I put my finger into the bathtub water: too hot; made a splash and got my shirt wet. I spoke and someone else’s voice returned to me from the toilet, deeper and stronger, “Can you hear me, neighbors?” Not in a hurry, I unbuttoned and whistled, then sang the refrain. The neighbor above me flushed the toilet, the others joined him. I wondered if the top and the ground level were now within my range:
Avanti o popolo, alla riscosa
Bandiera rossa, bandiera rossa.
Once Thomas and Znanenski assured me that the situations were real, if defined as such, at least in their consequences. Here is a good example: a young man with a particularly imaginative turn of mind had placed his library card inside an ATM and, randomly pressing the keys, was hoping to divert some undeserved funds from Wells Fargo. An unlikely outcome, you may say, yet he was picked up by the police and delivered to a detention facility: the crime itself might have been spurious, but its consequences turned out to be concrete enough.
I understand that in our choice of conduct we must not be hypnotized into indecision by contingencies: Immanuel Kant had liberated us with his deontological ethics. Deon, the bane of Cal Poly faculty, had sent the philosophically minded students wondering all the way to “de-ontological,” that is, not-ontological, not of being, not of existence?
For the last thirty years of his life Benjamin Moshe wanted to immigrate to Israel. He never really told me his story, preferring hints and allusions to a simple narrative: He must have made some attempts to leave in his younger years, but the results were discouraging.
The shop light
Then covered his
“I was born—
in the thirties—somewhere in the Gohbi desert.” Ben Moshe was a concert pianist with a broken pinky. This created a dissonance in his interpretations of Prokofiev. You could always recognize the hand of Little Ben; but this is not to return us to the aesthetics politicized, rather sexuality aestheticized, for during the intermissions his theatrical whisper could be heard in the orchestra pit, “—and then I grabbed her ass, but the wench—” In his youth Venya was fond of American romance novels. His ex reported to my ex that he had brought a suitcase of them from China.
China was Ben’s point of origin. In Peking his mother washed clothes for the U.S. Embassy, while Ben ran errands for the Russian Embassy. On his eighteenth birthday, the Russians offered him Soviet citizenship. He accepted.
Ben’s best friend was Leonid Blanc, a violinist. Here’s their conversation: “Ivan got home early and sees this guy trying to escape through the kitchen window, but the bastard is stuck! ‘Aha,’ says Ivan, ‘so you fuck my wife, eh? Well, since you fuck my wife, I gonna fuck you!’ Hey, it’s easier said than done: he can’t get it up! ‘All right,’ says Ivan, ‘since I cannot fuck you, I gonna cut off your balls!’ On hearing that, the other fellow yells, ‘Be a man, try again!’ Ha-ha-ha-ha-ha-ha-ha-ha-ha-ha-ha-ha-ha-ha! Ha-ha-ha-ha-ha-ha-ha! Ha-ha-ha-ha-ha-ha-ha-ha! Ha-ha-ha-ha-ha-ha—. Check it out, Ben. These three guys are guarding an apple orchard in Balashovo. They’ve just hauled one intruder to the local police station when they notice another shadow lurking in the twilight. One of our guys is a boxer, the other a wrestler, the third one is just a huge dude with the ropes. So the boxer gets to the trespasser first, and gives him a punch; the wrestler throws him to the ground; the third dude is busy with the ropes: they load the asshole into the trunk of their Fiat, and— What the fuck! It’s yeti! The abominable snowman! So they drive him to the cops; but those refuse to take the monkey—the jail is not a zoo! The assholes let him go!”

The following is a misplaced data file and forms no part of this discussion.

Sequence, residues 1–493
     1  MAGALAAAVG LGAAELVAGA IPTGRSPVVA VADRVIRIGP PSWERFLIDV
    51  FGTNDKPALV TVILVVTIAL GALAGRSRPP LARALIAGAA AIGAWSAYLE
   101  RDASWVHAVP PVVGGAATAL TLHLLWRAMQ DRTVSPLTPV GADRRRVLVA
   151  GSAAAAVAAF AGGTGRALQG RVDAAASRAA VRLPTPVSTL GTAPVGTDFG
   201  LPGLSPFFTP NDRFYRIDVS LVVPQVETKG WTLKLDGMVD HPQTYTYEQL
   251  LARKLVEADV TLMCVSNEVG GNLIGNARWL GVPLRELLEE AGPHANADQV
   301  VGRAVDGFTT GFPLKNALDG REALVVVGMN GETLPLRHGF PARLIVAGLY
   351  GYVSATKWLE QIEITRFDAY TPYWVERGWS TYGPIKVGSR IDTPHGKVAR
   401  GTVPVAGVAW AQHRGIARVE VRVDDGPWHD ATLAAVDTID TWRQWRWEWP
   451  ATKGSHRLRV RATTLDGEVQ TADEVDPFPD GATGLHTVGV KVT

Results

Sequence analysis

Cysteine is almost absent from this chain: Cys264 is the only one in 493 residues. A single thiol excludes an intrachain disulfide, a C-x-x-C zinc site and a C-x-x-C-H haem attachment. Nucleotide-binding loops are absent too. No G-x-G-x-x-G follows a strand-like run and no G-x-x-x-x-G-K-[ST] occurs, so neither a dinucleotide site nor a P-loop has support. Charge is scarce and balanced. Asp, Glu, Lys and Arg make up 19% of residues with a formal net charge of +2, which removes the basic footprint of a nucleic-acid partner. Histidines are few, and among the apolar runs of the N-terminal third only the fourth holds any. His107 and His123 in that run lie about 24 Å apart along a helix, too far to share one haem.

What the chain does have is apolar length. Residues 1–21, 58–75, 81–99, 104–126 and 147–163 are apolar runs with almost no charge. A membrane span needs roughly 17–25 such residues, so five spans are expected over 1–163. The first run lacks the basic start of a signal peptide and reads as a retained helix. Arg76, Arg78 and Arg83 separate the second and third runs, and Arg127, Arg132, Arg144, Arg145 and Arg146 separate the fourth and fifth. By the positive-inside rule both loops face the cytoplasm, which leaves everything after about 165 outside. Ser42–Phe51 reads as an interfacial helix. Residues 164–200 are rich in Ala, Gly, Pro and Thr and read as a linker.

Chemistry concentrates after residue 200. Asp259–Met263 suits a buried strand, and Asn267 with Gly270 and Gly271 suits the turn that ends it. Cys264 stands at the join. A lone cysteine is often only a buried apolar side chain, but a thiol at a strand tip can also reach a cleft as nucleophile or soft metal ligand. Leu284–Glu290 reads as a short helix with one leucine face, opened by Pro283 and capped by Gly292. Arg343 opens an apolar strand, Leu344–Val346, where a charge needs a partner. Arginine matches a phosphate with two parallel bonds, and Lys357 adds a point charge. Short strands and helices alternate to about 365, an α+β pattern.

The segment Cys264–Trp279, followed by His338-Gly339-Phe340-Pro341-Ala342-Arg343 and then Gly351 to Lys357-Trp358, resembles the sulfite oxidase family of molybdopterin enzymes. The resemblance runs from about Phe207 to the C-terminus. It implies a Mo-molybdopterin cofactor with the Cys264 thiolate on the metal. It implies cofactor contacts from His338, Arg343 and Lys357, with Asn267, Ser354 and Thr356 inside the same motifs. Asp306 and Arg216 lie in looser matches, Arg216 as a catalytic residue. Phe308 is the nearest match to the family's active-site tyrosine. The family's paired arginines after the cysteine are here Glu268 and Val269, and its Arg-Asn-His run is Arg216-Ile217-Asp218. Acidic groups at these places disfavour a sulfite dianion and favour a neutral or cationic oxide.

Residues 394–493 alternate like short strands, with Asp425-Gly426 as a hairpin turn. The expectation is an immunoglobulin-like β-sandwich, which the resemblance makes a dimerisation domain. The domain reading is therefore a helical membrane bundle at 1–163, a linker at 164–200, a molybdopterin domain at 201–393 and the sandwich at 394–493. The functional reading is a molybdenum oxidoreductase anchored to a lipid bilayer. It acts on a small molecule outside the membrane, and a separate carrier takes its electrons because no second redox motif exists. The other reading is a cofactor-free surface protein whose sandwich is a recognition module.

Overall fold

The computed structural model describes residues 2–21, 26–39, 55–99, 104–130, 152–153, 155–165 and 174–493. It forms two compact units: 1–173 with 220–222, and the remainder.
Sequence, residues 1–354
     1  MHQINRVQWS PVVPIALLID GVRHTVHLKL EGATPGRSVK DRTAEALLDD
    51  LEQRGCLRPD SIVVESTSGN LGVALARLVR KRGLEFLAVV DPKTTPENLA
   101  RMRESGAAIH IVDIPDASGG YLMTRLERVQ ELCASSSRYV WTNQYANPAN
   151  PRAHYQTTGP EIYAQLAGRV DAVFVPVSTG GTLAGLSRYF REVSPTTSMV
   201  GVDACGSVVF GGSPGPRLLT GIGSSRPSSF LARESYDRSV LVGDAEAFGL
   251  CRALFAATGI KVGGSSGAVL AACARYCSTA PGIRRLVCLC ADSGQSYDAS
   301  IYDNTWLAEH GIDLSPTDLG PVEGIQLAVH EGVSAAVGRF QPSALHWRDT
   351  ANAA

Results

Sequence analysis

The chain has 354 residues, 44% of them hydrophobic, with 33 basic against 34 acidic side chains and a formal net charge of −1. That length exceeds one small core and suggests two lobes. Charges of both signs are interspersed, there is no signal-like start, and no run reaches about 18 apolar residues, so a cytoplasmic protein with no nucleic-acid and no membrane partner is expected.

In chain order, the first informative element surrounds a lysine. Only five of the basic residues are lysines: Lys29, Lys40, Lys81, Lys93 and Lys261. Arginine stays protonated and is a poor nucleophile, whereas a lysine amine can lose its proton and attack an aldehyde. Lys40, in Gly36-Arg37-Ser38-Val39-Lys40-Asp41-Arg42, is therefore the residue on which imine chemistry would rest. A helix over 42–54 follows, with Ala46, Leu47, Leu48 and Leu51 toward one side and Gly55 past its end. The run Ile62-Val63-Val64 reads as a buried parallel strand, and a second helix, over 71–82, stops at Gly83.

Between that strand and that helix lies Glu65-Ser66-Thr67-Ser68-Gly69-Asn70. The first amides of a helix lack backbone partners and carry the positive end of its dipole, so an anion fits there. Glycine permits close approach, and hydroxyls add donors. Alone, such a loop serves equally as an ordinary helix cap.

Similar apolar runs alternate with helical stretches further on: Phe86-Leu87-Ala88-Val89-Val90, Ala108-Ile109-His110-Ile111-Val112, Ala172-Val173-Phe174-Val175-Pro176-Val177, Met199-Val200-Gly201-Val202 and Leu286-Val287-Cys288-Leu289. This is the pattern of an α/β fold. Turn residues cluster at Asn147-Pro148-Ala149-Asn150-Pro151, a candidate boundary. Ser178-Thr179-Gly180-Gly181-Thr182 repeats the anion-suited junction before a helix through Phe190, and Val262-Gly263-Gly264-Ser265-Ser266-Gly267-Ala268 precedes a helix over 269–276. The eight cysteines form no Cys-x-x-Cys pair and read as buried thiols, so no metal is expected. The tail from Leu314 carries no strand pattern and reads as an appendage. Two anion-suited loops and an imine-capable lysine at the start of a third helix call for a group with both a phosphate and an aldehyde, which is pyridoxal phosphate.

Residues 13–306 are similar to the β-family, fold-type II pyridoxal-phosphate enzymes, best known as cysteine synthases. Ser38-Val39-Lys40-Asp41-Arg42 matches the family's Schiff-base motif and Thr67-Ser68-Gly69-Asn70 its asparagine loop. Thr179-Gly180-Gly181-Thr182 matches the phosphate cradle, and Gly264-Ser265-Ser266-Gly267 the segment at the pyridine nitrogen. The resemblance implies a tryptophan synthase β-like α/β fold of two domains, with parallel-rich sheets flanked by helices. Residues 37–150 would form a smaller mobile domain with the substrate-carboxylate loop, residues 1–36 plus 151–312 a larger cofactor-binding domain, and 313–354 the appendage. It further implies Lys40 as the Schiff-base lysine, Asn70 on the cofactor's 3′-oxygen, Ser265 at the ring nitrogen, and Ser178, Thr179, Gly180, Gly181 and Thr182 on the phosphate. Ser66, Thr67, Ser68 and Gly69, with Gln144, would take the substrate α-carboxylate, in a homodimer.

“That’s nothing! The last year in Sinen’kie we were talking to this old nag who was about to retire from their chicken farm, so they honored her as the worker of the year, for she had been working there for the last fifty years. Guess what she does: Cuts throats of those chickens! Hey, if I were in Hollywood, I’d make such a thriller of this. Imagine when she retires and sits at home with nothing to do; first she’d cut every throat in her own chicken coop; then move out into the neighborhood: cats, dogs—”
“Hey, they found this guy in Medvedkovo, just a stupid truck driver.”
In the nineties things began to change in the former Soviet Union, and in the
currents of mass migrations, the Jewish exodus had lost its romantic overtones.
In the year 2002, returning to Russia on a business visa, I bumped into
Moshe: “Veniamin Moiseich?”
“Still here.” The old man stretched his mouth into an incredible smile and looking down at his strange winter boots, whispered, “I want them to apologize.”